Most motile procaryotes move by use of flagella (s. flagellum). Flagella is a threadlike locomotor appendages extending outward from the plasma membrane and cell wall. Here we would talk about bacterial flagella, those are best studied and explained.
Bacterial flagella are slender, rigid structures, about 20 nm across and up to 15 or 20 micrometer long. Flagella are so thin they cannot be observed directly with a bright-field microscope, but must be stained with special techniques designed to increase their thickness. The detailed structure of flagella can only be seen in electron microscope.
Bacterial species differ distinctively and their flagella structure too. Bacterial species can be identified by their flagella as well. Monotrichous bacteria (trichous means hair) have one flagellum, if it is located at end, it is said to be a polar flagellum. Amphitrichous bacteria (amphi means on both sides) have a single flagellum at each pole. In contrast locotrichous bacteria have a cluster of flagella at one or both ends. Peritrichous (peri means around) have flagella, spread fairly evenly over the whole surface of bacteria.
Transmission electron microscope studies have shown that the bacterial flagellum is composed of three parts. (1) the longest and most obvious portion is the flagella filament, which extends from the cell surface to the tip. (2) a basal body is embedded in the cell; and (3) a short, curved segment, the flagella hook, links the filament to its basal body and acts as a flexible coupling.
The filament ends with a caping protein. Some bacteria have sheaths surrounding their flagella. For example, Bdellovibrio has a membranous structure surrounding the filament. Vibrio cholerae has a lipopolysaccharide sheath surrounding the filament.
The hook and basal body are quite different from the filament. Slightly wider than the filament, the hook is made of different protein subunits. The basal body is the most complex part of a flagellum. In E. coli and most gram-negative bacteria, the basal body has four rings connected to a central rod. The outer L and P rings associate with the lipopolysaccharide and peptidoglycan layers, respectively. The inner M ring contacts. The plasma membrane.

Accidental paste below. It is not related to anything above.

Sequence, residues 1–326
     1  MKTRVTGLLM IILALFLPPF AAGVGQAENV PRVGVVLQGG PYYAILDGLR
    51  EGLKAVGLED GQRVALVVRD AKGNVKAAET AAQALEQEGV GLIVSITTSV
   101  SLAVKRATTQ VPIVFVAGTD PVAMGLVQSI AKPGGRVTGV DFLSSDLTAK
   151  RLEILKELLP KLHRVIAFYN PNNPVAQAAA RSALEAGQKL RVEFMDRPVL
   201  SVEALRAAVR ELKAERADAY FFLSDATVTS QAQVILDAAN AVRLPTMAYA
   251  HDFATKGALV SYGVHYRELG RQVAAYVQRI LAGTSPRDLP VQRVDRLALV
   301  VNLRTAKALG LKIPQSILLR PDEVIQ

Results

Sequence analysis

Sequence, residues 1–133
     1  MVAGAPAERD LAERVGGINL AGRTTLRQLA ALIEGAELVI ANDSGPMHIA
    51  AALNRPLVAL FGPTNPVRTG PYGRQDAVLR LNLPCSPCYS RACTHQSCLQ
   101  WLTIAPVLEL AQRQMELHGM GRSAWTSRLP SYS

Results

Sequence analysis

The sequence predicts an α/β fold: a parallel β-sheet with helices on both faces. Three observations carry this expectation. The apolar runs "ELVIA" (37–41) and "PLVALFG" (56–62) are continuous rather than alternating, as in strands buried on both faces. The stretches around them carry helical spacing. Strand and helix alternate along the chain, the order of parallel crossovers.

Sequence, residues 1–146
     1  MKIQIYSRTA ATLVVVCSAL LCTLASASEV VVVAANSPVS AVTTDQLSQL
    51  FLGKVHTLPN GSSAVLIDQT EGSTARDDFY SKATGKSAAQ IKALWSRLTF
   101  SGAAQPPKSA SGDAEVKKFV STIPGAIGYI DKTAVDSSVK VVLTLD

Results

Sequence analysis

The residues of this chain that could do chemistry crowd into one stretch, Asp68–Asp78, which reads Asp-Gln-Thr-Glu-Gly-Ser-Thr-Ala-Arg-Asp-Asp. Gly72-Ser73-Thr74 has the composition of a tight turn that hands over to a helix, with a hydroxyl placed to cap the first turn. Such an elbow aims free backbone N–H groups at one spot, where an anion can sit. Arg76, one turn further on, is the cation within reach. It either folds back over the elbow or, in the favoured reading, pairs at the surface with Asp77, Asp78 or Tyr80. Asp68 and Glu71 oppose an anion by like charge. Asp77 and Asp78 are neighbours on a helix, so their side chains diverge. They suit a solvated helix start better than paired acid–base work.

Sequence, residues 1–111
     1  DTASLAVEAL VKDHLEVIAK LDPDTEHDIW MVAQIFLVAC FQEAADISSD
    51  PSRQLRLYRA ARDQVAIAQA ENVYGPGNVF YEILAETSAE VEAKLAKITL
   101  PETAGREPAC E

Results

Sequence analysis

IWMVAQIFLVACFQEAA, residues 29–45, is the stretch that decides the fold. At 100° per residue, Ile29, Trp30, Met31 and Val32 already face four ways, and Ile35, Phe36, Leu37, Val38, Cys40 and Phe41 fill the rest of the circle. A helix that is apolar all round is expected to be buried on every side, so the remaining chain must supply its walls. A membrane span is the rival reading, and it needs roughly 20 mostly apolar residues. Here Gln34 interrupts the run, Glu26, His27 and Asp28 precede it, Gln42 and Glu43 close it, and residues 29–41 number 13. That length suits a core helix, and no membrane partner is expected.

Gram – positive bacteria have only two basal body rings – an inner ring connected to the plasma membrane and an outer ring probably attached to the peptidoglycan.
The Mechanism Of Flagella Movement
Researchers have observed that prokaryotic flagella operate differently from eukaryotic flagella. The filament is in the shape of a rigid helix, and the cell moves when this helix rotates. Considerable evidence shows that flagella act just like propellers on a boat. Bacterial mutants with straight flagella or abnormally long hook regions cannot swim.
The nature of bacterial movement is determined by the direction of flagella rotation. Monotrichous, polar flagella rotate counter-clockwise (when viewed from outside the cell) during normal forward movement, whereas the cell itself rotates slowly clockwise. The rotating helical flagella filament thrusts the cell forward in a run with the flagellum trailing behind.
To move forward, the flagella rotate counterclockwise. As they do so, they bend at their hooks to form a rotating bundle that propels the cell forward. Clockwise rotation of the flagella disrupts the bundle and the cell tumbles.
Because bacteria swim through rotation of their rigid flagella, there must be some sort of motor at the base. A rod extends form the hook and ends in the M ring, which can rotate freely in the plasma membrane. It is thought that the S ring is attached to the cell wall in gram – positive cells and does not rotate. The P and L rings of gram – negative bacteria would act as bearings for the rotating rod. There is some evidence that the basal body is a passive structure and rotates within a membrane-embedded protein complex much like the rotor of an electrical motor turns in the center of a ring of electromagnets.
Reference: Microbiology by Prescott